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Date: December 16th 1917
Roderick Todd

Ward 3-
No.2 Military
Exeter - Devon

Dec. 16-17.

Dear Mother-

Finer than frogs hair, can't be beat - going along like Fire Chief Davise's auto on the trail of an alarm. Today is Sunday and we are not allowed out of the grounds, and say, I felt as restless as an old bear, and had to chase around the grounds for awhile to get quieted down.

I have a guide book of the town now and am going to explore it thoroughly. You may be sure that I will have a grand time - After that it will be me for the rolling coutry-side and I will revel in that. This stunt begins to assume a rather nice aspect. Don't you envy me my sight seeing?

Yesterday I sent away money orders to clear myself in the eyes of the world and I now feel 1000 time better. I never did like being in debt. Yesterday afternoon one of the theatres was thrown open to wounded soldiers, and after a very fine vaudeville performance each soldier received a present of cigarettes, chocolate, apples, and some article such as a cigarette case, tobacco pouch etc. The boys were all highly pleased with the affair and it was very generous of the people to contribute to it.

Today, being Sunday was visitors day. Two old ladies called on me and were very nice and quaint. One of the lads has his home in Exeter, and his two sisters called on him. Between them and the nurses we had a great time. I am the only Canadian in the ward and I have a great time standing up for my country against all comers. It all adds to the fun - so all hands chip in.

No new news from Dundee. Aunt Janet is still in hospital and I hope getting entirely cured. The girls are a nice pair and I hope to spend some time with them when on leave. Miss Hutcheson was still on the sick list when I last heard from Greenock. I haven't heard for several days from there, and hope she is recovering. Doubtless Uncle Willy will deep you informed.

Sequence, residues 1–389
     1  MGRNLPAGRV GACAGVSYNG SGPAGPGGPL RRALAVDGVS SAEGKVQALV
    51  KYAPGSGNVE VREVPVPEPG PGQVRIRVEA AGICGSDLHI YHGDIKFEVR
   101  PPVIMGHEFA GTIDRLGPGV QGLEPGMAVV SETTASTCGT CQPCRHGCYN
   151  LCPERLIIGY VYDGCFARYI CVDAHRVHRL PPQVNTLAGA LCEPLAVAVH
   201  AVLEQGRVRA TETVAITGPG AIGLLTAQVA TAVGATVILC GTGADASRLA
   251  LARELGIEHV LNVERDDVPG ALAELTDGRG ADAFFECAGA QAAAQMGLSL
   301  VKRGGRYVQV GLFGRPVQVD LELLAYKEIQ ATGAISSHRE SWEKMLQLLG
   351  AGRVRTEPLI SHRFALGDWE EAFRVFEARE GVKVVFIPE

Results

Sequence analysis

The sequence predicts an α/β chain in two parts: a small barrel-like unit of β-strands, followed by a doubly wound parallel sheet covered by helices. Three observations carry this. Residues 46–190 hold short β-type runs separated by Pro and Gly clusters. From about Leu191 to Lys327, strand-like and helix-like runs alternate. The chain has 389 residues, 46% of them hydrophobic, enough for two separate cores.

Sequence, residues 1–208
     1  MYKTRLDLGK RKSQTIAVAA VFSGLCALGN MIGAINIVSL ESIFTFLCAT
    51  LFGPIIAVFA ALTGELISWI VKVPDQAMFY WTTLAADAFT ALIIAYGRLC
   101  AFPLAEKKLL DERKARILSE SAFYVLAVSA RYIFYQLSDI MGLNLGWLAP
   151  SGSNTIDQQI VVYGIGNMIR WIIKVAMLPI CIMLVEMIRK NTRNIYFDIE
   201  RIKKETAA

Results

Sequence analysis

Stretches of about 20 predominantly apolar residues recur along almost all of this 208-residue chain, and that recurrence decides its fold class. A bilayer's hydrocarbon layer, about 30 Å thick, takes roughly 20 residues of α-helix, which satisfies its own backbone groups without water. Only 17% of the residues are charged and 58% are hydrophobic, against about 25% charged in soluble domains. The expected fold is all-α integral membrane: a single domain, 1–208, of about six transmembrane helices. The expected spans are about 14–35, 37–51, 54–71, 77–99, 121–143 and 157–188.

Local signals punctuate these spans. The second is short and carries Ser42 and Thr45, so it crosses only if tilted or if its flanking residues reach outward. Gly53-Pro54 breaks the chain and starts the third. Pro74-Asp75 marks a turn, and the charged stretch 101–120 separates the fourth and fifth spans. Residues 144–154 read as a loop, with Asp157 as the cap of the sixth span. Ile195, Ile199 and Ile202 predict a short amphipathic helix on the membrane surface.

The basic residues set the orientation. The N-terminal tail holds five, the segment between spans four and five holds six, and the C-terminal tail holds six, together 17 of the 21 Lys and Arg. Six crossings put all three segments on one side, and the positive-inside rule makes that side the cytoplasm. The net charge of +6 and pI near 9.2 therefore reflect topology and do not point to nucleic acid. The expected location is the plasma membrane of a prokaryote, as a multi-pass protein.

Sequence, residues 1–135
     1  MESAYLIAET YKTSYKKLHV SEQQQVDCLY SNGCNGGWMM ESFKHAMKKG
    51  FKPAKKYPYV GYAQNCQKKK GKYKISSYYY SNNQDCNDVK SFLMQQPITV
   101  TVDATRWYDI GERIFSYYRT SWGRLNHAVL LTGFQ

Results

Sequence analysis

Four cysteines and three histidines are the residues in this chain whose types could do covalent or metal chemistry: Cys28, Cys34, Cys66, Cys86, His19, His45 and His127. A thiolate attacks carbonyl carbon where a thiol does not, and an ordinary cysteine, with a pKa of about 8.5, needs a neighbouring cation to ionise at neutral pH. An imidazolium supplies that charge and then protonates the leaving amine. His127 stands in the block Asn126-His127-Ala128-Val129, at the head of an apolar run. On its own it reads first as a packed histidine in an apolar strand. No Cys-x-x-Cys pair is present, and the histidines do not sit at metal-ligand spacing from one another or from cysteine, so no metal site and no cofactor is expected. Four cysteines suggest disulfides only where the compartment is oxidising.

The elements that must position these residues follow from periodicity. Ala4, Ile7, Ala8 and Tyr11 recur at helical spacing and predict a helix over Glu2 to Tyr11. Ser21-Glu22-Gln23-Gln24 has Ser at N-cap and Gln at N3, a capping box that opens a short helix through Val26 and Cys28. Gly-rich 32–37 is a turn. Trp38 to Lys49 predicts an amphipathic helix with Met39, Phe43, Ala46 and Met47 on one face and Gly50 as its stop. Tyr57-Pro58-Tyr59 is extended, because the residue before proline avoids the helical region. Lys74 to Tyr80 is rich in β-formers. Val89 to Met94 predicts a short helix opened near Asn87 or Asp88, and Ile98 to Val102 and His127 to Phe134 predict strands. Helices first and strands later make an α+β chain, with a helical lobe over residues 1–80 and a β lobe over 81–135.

Jean writes from Glasgow that Cousin George is in hospital in France. Reports are contradictory as to the trouble, George says rheumatism, but the war dept say Epilepsy. Aunt Jean is very much down hearted over the latter report and I hope it is untrue. It would be too have for a promising young fellow like him to be so afflicted. I am anxiously awaiting more news.

Nothing new from Southampton or Liverpool. Lee has not written me again, but I hope for news soon. I wish the old timer would drop in on me - that sure would be a pleasure. No new letters from the unit either - the mail service seems to be all balled up - none of the boys are getting their returned letters here in quick time However, I think that things will improve - as soon as the unit gets settled down again.

Dec. 17.

I could not finish this letter last night so here goes again. I have just received another letter from Lee - he is fine and having a good time. He expects to get 4 days special leave to London soon, in addition to his sick leave. I hope he has one glorious time of it. No other news of importance

While at Nice, I net a very nice English woman with two little daughter one 6 and the other 9. The elder one is going to marry me as soon as she is old enough. They are a pair of pretty, lively blonde haired, blue eyed girls, and I got all kinds of amusement out of them. I wrote to the mother, who was very nice to me while at Nice and told her I was hit. Yesterday I received a letter from her, enclosing one from each of the girls. I am enclosing the two letters from the girls in this letter, and after you have read them please put them somewhere where they won't get lost as I want to keep them for souvenirs. You will be much amused by them I am sure.


Not finished yet Here goes for another spasm. I was busy buying Xmas presents yesterday. I am sending you a bunch of fancy work done by wounded soldiers in the hospital here. On each piece is marked the name and wound of the man who made it - also the name of the person to whom I want to give it. I will send all the gifts in one parcel so as to save trouble in packing. If you or Isobel fancy something which is not marked for you, take it and substitute yours in its place. I am sending gifts for you, Isobel, Elsie, Dorothy, and Mrs. Russell in the parcel.

I am sending a calender with a pen sketch of an English Officer (cartoon) to Uncle Jack and some fancy work to Aunt Bella. They have both been very good to me.

I just received a letter from Blake. He is O.K. The boys are still out on rest and having a good time, I am glad to say. Blendell was also O.K. All the boys and officers in the unit, Blake says, send me their best wishes for a happy New Year and a Merry Christmas. It sure is good of them.

Well mother, I think I have about finished. Good Luck and good health to you all - and a successful New Year.

Your loving son,

Be sure to let me know if you don't receive the parcel. I am sending a little present for baby Ellen, latter.